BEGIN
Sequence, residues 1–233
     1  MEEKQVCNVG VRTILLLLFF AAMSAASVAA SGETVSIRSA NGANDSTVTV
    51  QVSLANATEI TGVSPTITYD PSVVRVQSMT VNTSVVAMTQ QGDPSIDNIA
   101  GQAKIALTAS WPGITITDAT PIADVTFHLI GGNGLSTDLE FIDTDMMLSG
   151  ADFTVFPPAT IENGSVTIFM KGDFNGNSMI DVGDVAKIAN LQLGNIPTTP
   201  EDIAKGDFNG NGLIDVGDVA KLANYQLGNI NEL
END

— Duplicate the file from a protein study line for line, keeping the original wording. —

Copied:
Sequence, residues 1–233
     1  MEEKQVCNVG VRTILLLLFF AAMSAASVAA SGETVSIRSA NGANDSTVTV
    51  QVSLANATEI TGVSPTITYD PSVVRVQSMT VNTSVVAMTQ QGDPSIDNIA
   101  GQAKIALTAS WPGITITDAT PIADVTFHLI GGNGLSTDLE FIDTDMMLSG
   151  ADFTVFPPAT IENGSVTIFM KGDFNGNSMI DVGDVAKIAN LQLGNIPTTP
   201  EDIAKGDFNG NGLIDVGDVA KLANYQLGNI NEL